Lessons for CEOs — Toyota’s recall

Has CEO taken lessons from Toyota issues?
What lessons for CEOs from Toyota

Toyota’s large scale recall issue has been in spotlight in the past weeks, but this may have brought a valuable lesson to a CEO of a major car manufacturing company.

At the Geneva Motor Show this week, I have picked up interesting thoughts from an interview with Mr. Carlos Ghosn, CEO of Nissan;

We don’t consider that it is a problem for one car manufacturer, but it’s an issue for the whole industry. Because all of the sudden, we ask “OK, What can we do to improve our own company?”, “How can we react in a way which is more transparent?”, “How can we react in a way which is much faster?”

Today, it is happening in one company, but at the same time we’re trying to learn for our own future about what is acceptable and what is not.

Because, recalls you’re going have recalls. Nobody can guarantee that there is never going to be a situation where there is no recall.

Mr. Ghosn went on saying;

Nobody can say that I have my own processes and they are going to be stable forever. We always look at what can we better, and revise our processes, just our processes, and particularly empower the people who are in front of the consumers, who are near the field to make decision quickly. Not waiting for the information to go through the hierarchy to the top level of the company before getting an answer. If you think a consumer is facing a problem, fix it. Immediately. Then we deal with the internal issues.

I’d expect that Nissan and other car manufacturers take good lessons from Toyota recall issue this time and they’ll prove what they will have learned, should a recall happen to them. It’s them to prove.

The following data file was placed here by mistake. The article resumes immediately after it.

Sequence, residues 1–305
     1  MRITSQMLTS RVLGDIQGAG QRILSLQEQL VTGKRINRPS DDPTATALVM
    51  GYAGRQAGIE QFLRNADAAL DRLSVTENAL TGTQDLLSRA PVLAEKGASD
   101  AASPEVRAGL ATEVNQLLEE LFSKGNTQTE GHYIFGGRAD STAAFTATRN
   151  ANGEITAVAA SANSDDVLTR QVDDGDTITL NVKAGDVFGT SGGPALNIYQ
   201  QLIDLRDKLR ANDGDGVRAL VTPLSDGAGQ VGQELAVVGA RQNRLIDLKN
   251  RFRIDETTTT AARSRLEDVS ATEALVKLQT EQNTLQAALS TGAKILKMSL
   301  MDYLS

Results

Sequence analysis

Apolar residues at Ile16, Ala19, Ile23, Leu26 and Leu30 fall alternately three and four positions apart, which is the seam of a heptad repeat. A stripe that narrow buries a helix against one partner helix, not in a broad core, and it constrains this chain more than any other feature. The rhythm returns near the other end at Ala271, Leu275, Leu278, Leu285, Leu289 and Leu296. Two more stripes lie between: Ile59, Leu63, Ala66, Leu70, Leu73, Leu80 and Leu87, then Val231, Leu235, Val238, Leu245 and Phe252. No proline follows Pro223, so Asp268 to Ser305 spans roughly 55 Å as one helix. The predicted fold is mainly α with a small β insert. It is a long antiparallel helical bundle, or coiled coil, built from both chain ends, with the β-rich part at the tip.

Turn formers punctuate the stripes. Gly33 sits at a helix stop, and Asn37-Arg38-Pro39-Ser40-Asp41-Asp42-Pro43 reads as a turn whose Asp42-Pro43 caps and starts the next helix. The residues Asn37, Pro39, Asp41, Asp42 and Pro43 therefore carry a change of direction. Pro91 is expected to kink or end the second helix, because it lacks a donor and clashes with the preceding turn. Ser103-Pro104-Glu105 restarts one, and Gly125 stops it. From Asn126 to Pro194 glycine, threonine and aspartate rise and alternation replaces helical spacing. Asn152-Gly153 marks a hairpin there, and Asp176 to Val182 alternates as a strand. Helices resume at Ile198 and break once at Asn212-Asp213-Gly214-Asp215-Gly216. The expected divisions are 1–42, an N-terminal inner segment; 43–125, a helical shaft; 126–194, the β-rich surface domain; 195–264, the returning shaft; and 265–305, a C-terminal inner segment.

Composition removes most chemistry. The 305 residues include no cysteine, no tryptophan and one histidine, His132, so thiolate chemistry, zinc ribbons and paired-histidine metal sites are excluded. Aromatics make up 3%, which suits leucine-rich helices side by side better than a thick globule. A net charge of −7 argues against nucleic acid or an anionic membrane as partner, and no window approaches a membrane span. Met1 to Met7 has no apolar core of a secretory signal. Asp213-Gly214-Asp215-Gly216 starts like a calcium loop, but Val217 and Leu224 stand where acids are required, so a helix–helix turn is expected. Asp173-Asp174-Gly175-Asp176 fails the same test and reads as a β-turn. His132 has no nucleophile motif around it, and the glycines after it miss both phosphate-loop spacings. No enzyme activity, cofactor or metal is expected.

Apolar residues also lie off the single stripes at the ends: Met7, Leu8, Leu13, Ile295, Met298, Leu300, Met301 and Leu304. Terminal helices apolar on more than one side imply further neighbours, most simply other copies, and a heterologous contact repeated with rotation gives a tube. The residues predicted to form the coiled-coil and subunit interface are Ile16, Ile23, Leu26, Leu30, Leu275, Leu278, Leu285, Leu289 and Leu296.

ECO and consumer concerns of car manufacturing industry, Geneva Motor Show 2010

I visited the 80th International Motor Show held Geneva, 4-14 March 2010.

Fancy cars

I observed an increased response by car manufacturers to the environment concern. Compared with my last visit of the show in 2007, it is a remarkable change all the major companies exhibited hybrid cars. In 2007, only Honda exhibited a hybrid car already in use in the market place. Not only for cars for the general consumers, such as Nissan and Volks Wagen but also high-end sports cars have launched hybrid cars in their own concepts. Hybrid engine has become a trend, as long as this show is concerned.

SUBARU exhibited electric cars used by Japan Post and Tokyo Electricity Corp. (See photo)

SUBARU electric car used by Japan Post
Ferrari Green Car, Hybrid

To catch up the trends, the luxury sports car manufacturers have also launched hybrid cars.  Both Porche and Ferrari announced their first cars with hybrid engines. (See Photo Ferrari Green Car)

Fans of sports cars with strong engines have a mixed feeling. They like strong cars regardless of CO2 emission levels. At the same time, they also feel it responsibility of manufacturers not to damage the environment. Most of them seemed to think it inevitable, and desirable even though they have to compromise their exicitment with fancy sports cars, that luxury sports car constructors walk with the environmental concerns of the people worldwide.